Please revisit Don Chisum’s and Janice Mueller’s comments on Impression Products v. Lexmark, No. 151189 (S. Ct. May 30, 2017), in which the Court held that a seller of a patented printer cartridge had exhausted its patent rights, so that a “refurbisher” could obtain the empty cartridges from the original buyers, re-fill them with toner, and sell them (again). The Court held that the patentee’s rights to sue the infringer had been exhausted when they made the first sale, even though it sold cartridges only after the buyer agreed to not resell or refurbish them for further use. (I am using the term the Court used: “refurbish” and you will see why.)
Remarkably, this decision did not cite three earlier Supreme Court decisions that dealt with situations in which the patentees’ rights were held not to be exhausted by the first sale, leaving me to wonder if the decisions were “good law” post-Lexmark.
These decisions, Aro Mfg. v. Convertible Top Replacement Co., 365 U.S. 336 (1961)(“Aro I”), American Cotton Tie Co. v. Simmons, 106 U.S. 80 (1892), J.E.M. Ag Supply v. Pioneer Hi-Bred Int’l, Inc., 534 U.S. 124 (2001) and Bowman v. Monsanto Co., No. 11-796 (S. Ct., May 13, 2013). A full copy of Bowman can be found in one of my earlier posts that you can access under Agricultural Biotech in this site’s archive. In it, Justice Kagan discusses the other three decisions. Aro I also discusses American Cotton Tie.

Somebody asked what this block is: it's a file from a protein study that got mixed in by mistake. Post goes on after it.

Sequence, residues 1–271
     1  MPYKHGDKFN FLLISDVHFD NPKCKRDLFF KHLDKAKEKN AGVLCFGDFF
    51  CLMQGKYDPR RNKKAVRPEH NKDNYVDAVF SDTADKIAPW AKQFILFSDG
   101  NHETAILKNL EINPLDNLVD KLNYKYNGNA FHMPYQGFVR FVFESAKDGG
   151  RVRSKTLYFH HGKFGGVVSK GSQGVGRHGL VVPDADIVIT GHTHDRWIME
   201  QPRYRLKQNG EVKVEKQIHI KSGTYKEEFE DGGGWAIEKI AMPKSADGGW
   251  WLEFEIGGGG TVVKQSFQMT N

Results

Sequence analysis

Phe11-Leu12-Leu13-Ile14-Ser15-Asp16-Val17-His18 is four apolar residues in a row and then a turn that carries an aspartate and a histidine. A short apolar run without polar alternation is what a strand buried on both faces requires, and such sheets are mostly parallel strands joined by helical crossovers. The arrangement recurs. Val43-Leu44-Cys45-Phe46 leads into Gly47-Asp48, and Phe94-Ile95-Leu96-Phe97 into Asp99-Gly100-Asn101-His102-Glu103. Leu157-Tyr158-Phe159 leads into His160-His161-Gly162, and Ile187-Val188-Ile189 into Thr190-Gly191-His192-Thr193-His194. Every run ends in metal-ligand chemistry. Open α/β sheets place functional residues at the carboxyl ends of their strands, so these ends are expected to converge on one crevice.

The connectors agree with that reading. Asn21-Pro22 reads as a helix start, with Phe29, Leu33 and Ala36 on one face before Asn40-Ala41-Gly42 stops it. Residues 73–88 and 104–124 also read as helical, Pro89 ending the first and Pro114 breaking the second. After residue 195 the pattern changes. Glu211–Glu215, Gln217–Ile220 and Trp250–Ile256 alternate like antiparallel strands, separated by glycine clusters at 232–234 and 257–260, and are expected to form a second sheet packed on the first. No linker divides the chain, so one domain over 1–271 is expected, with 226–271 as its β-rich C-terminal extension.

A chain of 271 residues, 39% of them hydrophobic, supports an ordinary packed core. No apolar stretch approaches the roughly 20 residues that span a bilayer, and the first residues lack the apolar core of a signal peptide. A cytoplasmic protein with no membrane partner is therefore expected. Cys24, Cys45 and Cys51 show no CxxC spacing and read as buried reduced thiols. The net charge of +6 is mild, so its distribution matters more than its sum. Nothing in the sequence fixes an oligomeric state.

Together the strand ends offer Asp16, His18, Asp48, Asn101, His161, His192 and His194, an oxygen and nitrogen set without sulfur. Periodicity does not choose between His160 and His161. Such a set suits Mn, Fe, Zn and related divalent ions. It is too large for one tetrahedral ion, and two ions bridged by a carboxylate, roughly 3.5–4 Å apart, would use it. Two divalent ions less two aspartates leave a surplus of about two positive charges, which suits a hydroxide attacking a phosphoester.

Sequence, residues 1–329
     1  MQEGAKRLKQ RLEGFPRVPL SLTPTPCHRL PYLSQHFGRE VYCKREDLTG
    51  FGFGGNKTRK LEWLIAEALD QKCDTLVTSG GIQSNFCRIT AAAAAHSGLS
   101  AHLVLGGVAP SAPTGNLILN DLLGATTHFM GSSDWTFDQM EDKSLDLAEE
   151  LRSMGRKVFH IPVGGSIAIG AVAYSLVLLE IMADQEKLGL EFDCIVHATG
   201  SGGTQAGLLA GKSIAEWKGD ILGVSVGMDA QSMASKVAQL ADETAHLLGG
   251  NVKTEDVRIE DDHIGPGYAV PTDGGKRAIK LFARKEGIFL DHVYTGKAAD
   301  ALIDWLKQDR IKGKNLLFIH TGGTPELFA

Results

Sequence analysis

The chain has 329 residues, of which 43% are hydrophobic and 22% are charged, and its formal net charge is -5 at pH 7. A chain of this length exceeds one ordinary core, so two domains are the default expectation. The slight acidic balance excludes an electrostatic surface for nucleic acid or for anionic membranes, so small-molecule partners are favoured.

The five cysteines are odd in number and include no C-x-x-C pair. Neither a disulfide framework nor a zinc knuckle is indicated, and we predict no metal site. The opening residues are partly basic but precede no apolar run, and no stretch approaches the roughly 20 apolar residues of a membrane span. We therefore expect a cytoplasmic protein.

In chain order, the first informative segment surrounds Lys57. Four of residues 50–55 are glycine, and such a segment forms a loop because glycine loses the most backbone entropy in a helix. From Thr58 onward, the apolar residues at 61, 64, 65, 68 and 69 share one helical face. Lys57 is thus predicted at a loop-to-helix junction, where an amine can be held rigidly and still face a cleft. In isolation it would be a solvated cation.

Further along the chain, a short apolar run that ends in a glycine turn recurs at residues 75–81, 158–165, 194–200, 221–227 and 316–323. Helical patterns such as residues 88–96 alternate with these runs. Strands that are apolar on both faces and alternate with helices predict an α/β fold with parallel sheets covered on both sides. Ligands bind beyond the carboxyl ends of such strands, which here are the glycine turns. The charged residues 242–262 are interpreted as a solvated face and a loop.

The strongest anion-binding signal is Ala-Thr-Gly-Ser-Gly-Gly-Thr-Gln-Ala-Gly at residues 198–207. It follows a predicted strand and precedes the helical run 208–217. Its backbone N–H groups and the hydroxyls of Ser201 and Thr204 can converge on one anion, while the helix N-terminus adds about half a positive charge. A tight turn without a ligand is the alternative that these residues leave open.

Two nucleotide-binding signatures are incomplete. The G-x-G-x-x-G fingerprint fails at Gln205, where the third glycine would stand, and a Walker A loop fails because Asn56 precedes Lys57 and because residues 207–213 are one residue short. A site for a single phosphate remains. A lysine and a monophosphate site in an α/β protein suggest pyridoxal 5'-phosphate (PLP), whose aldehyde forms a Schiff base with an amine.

In each of these decisions, the Court held that the patentee’s right to sue a party post-sale for infringement did not exhaust its patent rights. Aro I articulated the “repair” vs. “reconstruct” rule for deciding if a convertible owner, or the company that sold him/her fabric to replace the original fabric part of the top, infringed a patent on the top mechanism. The fabric was not patented, but that did not control the outcome of the case, which was that the convertible owner was simply repairing his car.